The most common waterfowl is the goose (plural geese). The bird is domesticated and utilized for a variety of purposes. In many cultures and stories, they are also regarded as pet birds. Geese may be found all across the world and are excellent buddies, guards, and lawnmowers.
They are primarily bred for meat and, on rare occasions, for specialty eggs for pure breed geese breeders and keepers. There are hundreds of different types of geese found all over the world. Not all geese are created equal.
Types of Goose
Goose is a type of waterfowl that differs from ducks in a number of ways. Except for the Chinese and African goose kinds, which were produced from the wild Greylag geese (Anseranser), all Goose types have been selectively bred from the wild Greylag goose
The big bump at the base of the bill distinguishes Chinese geese from European geese, though hybrids can have a wide range of characteristics. The following are some of the most prevalent goose breeds:
1. African Geese
The African Geese, sometimes known as the African Brown Goose, is a domestic goose that originated from the wild Swan Goose.
With a massive body nearly as wide as it is long, a thick neck, and a big knob attached to its forehead, the African Goose is a large and bulky bird (which requires several years to develop). From its lower jaw and upper neck hangs a crescent-shaped dewlap. As the bird grows older, the dewlap may become ragged in appearance.
It has a smooth, rounded abdomen with little or no fatty lobe development and iskeelless. The tail is pointed up and beautifully folded. The eyes are huge and situated deep in the face.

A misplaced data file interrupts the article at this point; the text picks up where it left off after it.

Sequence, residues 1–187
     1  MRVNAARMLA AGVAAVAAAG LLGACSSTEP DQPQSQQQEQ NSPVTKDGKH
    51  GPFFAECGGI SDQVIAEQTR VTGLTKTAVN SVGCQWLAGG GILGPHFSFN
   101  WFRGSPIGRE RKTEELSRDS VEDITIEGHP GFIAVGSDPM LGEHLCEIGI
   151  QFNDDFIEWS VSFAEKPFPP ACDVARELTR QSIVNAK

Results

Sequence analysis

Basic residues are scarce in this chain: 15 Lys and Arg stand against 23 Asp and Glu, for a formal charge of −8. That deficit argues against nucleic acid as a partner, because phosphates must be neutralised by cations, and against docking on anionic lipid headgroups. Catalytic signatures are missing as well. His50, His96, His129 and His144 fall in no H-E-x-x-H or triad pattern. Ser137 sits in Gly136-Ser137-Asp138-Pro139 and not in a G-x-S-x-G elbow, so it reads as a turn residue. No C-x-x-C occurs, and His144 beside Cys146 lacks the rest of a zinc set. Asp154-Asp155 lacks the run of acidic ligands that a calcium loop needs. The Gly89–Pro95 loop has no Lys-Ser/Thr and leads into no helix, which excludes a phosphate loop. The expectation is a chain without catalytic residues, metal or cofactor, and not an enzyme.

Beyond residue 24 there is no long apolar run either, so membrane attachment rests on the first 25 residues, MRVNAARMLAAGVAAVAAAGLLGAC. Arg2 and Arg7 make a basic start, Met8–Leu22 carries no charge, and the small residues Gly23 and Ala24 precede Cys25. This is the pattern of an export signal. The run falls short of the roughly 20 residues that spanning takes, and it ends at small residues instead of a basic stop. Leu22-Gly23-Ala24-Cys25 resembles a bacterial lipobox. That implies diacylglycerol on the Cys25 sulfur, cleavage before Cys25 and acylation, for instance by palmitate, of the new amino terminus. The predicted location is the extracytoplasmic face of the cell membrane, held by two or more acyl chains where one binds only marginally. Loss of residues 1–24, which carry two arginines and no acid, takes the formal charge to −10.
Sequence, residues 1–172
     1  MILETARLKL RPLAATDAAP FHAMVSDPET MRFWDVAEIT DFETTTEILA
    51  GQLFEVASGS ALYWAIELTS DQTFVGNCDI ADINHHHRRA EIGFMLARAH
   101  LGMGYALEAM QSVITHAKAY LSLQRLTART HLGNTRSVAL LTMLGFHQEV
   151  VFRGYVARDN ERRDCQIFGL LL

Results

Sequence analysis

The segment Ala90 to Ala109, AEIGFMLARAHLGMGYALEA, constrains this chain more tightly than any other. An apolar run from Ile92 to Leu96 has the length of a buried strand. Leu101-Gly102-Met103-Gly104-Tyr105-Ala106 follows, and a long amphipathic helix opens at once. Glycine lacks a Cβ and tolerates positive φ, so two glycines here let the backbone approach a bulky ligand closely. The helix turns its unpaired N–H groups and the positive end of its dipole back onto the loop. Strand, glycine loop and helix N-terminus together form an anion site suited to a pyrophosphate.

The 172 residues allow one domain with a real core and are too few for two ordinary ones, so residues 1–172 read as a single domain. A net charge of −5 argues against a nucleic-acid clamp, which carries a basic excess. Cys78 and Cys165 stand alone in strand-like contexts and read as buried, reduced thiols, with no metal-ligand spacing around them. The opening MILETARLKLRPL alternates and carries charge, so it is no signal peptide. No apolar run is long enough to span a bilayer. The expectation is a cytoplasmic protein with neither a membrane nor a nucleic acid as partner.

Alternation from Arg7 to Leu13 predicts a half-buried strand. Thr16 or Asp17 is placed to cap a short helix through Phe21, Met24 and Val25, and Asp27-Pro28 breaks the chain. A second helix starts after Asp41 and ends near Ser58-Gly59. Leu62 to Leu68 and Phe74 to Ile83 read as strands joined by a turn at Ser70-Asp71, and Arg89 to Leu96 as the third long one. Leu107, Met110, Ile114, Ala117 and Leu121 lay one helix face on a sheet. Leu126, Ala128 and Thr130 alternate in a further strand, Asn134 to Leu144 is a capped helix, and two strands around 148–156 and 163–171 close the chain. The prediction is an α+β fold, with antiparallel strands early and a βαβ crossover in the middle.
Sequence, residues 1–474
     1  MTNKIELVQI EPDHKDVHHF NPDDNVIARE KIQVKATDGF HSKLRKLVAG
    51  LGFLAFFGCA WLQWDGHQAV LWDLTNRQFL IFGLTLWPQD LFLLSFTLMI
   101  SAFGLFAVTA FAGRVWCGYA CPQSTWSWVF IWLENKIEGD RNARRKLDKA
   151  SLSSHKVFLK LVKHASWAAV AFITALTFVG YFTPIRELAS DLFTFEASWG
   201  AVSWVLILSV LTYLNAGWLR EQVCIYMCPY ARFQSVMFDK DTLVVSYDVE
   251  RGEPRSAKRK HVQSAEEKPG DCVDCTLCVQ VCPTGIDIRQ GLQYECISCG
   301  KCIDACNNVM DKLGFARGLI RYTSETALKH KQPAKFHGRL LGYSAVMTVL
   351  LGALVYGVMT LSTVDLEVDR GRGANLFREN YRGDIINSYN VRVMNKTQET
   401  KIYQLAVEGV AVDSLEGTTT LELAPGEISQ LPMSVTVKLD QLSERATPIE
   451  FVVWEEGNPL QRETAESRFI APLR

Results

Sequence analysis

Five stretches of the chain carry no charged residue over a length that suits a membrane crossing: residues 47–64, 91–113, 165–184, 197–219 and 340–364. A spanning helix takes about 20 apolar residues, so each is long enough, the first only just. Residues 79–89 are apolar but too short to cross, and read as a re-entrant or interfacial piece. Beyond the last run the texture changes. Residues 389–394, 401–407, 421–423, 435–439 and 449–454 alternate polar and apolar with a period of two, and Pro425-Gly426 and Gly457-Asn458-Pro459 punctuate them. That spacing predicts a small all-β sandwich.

A mature gander (male) weighs about 22 pounds (10 kg), whereas a mature goose (female) weighs about 18 pounds (8 kg).
2. Embden Geese
In 1821, the first Embdens arrived in Boston, where they were initially known as “Bremens,” after the port of departure (Bremen in Northwest Germany).
With records reaching back over 200 years, this breed is one of the earliest domestic breeds. Because of its high development rate, big size (almost double the weight of the typical barnyard geese), and feathers, it is the most popular goose utilized for commercial meat production (double the feathers of the common barnyard goose).
The Embden is a town in the United Kingdom. Goose is the highest of all geese, reaching a height of nearly 3.3 feet (one meter). Embdens in the United Kingdom are often smaller and stockier than those on the continent. Ganders (males) weigh between 24 and 31 pounds (9-11 kg) while geese (females) weigh between 20 and 24 lbs. (9-11 kg) (11 – 14 kg).
3. Sebastopol Geese
The domestic goose breed Sebastopol is descended from the European Graylag. They were also known as Danubian geese, which was the favored term in nineteenth-century Britain.
A medium-sized goose with long, white curly feathers, the Sebastopol is a popular tourist attraction. Neck feathers are smooth and sometimes greyish-brown in color.
All-gray, buff, and saddleback variations have resulted via crossbreeding. Breast feathers can be curled (frizzle) or smooth.
The gander is 12-14 pounds, whereas the goose is 10-12 pounds. The eyes are vivid blue, while the legs and shanks are orange.
4. Bean Geese
The Bean Goose is a large to medium-sized goose that breeds in Asia and Northern Europe. It is migratory, spending the winter in Asia and Europe.
Scientific and English names of the water birdcome from the fact that it used to graze in bean fields in the winter.
Northern Sweden, Northern Norway, and northern Finland are home to these medium-sized darkish-brown geese with black and orange bills and orange legs.
Overwintering grounds include southern Scandinavia, the British Isles, the Netherlands, Germany, and the Mediterranean Sea.